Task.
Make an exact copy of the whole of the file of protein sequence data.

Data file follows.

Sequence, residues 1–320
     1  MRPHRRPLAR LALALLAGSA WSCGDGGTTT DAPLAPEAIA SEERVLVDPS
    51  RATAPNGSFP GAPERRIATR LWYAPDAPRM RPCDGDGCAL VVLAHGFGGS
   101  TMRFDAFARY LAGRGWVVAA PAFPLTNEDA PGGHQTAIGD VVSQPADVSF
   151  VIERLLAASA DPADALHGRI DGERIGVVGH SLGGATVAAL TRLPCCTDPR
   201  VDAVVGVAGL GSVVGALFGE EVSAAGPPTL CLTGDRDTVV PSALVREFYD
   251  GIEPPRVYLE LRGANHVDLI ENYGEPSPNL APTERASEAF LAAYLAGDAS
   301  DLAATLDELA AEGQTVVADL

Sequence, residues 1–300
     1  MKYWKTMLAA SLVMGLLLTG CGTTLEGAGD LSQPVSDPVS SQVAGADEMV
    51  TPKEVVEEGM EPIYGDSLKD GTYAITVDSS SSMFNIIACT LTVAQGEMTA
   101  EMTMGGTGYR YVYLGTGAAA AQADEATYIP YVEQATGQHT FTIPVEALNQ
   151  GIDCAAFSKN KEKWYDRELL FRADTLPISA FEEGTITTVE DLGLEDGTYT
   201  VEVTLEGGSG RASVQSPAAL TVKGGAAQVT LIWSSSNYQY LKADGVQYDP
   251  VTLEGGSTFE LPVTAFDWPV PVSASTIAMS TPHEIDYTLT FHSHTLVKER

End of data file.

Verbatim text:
Sequence, residues 1–320
     1  MRPHRRPLAR LALALLAGSA WSCGDGGTTT DAPLAPEAIA SEERVLVDPS
    51  RATAPNGSFP GAPERRIATR LWYAPDAPRM RPCDGDGCAL VVLAHGFGGS
   101  TMRFDAFARY LAGRGWVVAA PAFPLTNEDA PGGHQTAIGD VVSQPADVSF
   151  VIERLLAASA DPADALHGRI DGERIGVVGH SLGGATVAAL TRLPCCTDPR
   201  VDAVVGVAGL GSVVGALFGE EVSAAGPPTL CLTGDRDTVV PSALVREFYD
   251  GIEPPRVYLE LRGANHVDLI ENYGEPSPNL APTERASEAF LAAYLAGDAS
   301  DLAATLDELA AEGQTVVADL

Sequence, residues 1–300
     1  MKYWKTMLAA SLVMGLLLTG CGTTLEGAGD LSQPVSDPVS SQVAGADEMV
    51  TPKEVVEEGM EPIYGDSLKD GTYAITVDSS SSMFNIIACT LTVAQGEMTA
   101  EMTMGGTGYR YVYLGTGAAA AQADEATYIP YVEQATGQHT FTIPVEALNQ
   151  GIDCAAFSKN KEKWYDRELL FRADTLPISA FEEGTITTVE DLGLEDGTYT
   201  VEVTLEGGSG RASVQSPAAL TVKGGAAQVT LIWSSSNYQY LKADGVQYDP
   251  VTLEGGSTFE LPVTAFDWPV PVSASTIAMS TPHEIDYTLT FHSHTLVKER